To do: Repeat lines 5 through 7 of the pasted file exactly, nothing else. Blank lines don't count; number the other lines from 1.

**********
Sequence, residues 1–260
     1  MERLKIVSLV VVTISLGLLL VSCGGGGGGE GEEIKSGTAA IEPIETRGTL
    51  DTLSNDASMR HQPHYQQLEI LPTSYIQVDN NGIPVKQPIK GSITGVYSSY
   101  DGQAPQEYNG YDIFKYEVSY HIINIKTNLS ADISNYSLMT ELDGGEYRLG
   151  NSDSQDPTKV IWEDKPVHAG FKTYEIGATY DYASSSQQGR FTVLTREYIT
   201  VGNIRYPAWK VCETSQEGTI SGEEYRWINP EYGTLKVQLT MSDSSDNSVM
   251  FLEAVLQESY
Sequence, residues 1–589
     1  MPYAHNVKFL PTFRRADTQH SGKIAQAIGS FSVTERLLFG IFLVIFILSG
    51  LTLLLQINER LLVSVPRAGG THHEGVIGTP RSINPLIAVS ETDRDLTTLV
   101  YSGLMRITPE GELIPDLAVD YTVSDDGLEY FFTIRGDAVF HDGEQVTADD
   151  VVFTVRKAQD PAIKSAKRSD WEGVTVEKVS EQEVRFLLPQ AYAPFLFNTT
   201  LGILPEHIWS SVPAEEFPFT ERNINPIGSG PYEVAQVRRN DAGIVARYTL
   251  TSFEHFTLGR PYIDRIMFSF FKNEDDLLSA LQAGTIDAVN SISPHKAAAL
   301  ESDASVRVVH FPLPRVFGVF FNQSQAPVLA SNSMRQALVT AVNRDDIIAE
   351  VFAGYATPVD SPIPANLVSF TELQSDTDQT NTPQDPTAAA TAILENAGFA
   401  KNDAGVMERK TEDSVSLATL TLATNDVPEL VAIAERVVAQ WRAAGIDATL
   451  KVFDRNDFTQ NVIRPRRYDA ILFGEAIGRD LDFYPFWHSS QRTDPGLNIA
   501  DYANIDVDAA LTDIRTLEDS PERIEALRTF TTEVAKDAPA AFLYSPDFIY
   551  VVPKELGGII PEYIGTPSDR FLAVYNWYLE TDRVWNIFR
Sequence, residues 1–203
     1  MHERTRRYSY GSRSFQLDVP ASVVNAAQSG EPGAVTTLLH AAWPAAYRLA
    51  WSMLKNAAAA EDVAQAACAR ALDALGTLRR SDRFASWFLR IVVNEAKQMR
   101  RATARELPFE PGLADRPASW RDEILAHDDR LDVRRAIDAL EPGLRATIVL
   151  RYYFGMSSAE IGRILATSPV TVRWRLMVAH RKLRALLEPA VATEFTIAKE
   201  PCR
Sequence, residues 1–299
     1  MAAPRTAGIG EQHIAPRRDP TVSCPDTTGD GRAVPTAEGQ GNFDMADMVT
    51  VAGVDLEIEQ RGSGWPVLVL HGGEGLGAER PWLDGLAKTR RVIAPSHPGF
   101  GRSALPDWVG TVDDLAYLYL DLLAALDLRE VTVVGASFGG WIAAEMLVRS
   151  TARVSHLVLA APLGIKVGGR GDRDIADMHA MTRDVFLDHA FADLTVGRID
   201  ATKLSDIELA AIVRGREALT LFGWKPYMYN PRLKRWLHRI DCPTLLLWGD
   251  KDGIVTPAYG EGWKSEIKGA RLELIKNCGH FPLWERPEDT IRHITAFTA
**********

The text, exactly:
   151  NSDSQDPTKV IWEDKPVHAG FKTYEIGATY DYASSSQQGR FTVLTREYIT
   201  VGNIRYPAWK VCETSQEGTI SGEEYRWINP EYGTLKVQLT MSDSSDNSVM
   251  FLEAVLQESY